The Scorch Trials suffers slightly from the sophomore virus as it elongates its middling story with repetitive storytelling and a whole host of running.
The Scorch Trials begins with Thomas and the other escapees living in a compound housing other maze runners. The compound isn’t what it appears to be, so Thomas and the group escape, in search of a community of people living in the mountains called the right arm.
The Scorch Trials brings back the beautiful cinematography and directing style of its predecessor courtesy of returning director Wes Ball. The film incorporates supplementary visual effects with close and raw action extremely well.
However, whilst the film’s action sequences are adeptly constructed, they occur far too often. Not content with one chase, the film injects another. Unhappy with one climb, so in comes another one. One firefight won’t do, so lets throw in one for good luck. As a result, the film clocks in at over 2 hours. It’s far too long and far too indulgent of this midway chapter.
Young adult middle chapters often take their narrative and push it aside in favour of action and long emotional stares. The Scorch Trials certainly does a lot of that but it wins in the supporting cast category.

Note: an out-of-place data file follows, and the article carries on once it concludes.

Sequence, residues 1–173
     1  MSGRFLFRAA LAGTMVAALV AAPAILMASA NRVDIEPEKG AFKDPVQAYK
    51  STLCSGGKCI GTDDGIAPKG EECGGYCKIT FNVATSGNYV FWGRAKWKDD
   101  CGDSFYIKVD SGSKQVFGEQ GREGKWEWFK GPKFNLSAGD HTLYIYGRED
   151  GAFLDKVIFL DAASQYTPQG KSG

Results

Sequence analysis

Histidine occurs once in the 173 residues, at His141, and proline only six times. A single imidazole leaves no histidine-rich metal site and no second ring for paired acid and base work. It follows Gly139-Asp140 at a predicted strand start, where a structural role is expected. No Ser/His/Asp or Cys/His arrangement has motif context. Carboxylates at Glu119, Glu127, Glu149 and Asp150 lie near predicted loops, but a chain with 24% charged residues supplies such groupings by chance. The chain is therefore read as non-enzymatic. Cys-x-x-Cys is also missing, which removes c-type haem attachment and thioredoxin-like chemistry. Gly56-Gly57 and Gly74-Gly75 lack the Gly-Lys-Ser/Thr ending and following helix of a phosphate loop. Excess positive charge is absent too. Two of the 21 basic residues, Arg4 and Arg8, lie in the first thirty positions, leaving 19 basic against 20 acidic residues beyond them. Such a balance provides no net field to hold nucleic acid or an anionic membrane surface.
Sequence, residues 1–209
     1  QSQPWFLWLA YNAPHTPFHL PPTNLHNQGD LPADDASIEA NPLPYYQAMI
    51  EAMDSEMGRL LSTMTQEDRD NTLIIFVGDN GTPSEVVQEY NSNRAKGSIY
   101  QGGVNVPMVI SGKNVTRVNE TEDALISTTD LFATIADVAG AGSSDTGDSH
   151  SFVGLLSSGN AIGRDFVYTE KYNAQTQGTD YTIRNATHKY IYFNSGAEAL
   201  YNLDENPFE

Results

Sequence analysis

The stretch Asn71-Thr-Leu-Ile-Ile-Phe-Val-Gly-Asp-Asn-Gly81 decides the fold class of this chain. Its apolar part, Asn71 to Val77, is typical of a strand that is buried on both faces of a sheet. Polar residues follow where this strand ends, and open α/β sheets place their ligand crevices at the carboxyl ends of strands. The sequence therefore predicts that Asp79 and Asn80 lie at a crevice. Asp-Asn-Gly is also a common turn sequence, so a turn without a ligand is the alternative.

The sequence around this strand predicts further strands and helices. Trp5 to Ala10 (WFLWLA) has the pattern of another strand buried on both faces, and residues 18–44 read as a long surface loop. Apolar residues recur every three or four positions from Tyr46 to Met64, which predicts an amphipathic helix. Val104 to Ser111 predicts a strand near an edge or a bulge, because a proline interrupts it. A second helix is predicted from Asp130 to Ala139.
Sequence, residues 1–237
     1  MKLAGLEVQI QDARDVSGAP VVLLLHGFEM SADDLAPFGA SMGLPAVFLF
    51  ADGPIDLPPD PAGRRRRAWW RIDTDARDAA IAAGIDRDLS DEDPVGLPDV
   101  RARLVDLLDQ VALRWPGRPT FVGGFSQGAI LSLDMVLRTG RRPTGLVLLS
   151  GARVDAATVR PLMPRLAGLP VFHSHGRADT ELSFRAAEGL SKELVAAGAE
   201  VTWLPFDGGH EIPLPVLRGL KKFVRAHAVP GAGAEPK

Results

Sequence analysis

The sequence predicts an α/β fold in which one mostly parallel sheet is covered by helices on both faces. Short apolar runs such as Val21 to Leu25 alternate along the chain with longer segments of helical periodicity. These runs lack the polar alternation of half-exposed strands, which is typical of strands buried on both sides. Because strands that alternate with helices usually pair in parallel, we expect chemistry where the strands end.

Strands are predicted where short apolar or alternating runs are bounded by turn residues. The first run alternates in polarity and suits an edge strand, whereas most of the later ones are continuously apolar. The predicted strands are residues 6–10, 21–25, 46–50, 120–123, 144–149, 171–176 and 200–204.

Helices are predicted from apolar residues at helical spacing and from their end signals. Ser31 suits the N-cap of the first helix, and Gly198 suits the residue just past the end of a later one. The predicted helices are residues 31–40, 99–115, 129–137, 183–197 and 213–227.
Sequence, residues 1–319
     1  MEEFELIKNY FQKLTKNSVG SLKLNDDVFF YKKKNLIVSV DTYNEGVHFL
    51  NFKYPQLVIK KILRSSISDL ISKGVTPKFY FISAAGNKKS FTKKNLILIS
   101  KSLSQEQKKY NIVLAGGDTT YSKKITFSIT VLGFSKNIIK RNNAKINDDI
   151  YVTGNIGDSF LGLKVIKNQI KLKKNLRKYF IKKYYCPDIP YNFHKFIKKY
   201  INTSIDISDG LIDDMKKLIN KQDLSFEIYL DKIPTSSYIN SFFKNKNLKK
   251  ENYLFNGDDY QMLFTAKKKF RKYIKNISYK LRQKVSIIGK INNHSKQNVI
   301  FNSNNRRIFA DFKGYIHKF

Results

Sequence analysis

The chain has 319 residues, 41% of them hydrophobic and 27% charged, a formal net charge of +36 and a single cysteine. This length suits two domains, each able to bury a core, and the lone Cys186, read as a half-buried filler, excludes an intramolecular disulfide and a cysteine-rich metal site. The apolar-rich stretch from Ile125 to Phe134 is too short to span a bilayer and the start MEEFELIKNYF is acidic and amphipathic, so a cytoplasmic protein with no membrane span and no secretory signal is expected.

Aidan Gillen is fittingly nefarious as WCKD lackey Janson. Rosa Salazar is delightful and adorable as the temporary love interest. Giancarlo Esposito is seasoned and confident as Jorge. And Alan Tudyk is pleasantly fun as the apocalyptic scum Marcus. The cast certainly fills itself out but a few also bite the dust.
The Scorch Trials is not as entertaining, haunting or ambitious as the franchise opener. It knows it’s a pit stop on the journey to a more engrossing final chapter. It substitutes character and story for action and vast visual effects. Consequentially, the film is far too long and loses attention due to its uneven pace. But spending time with these characters and their pursuit of paradise, a plight we empathise with, cannot be underestimated.
Score – C-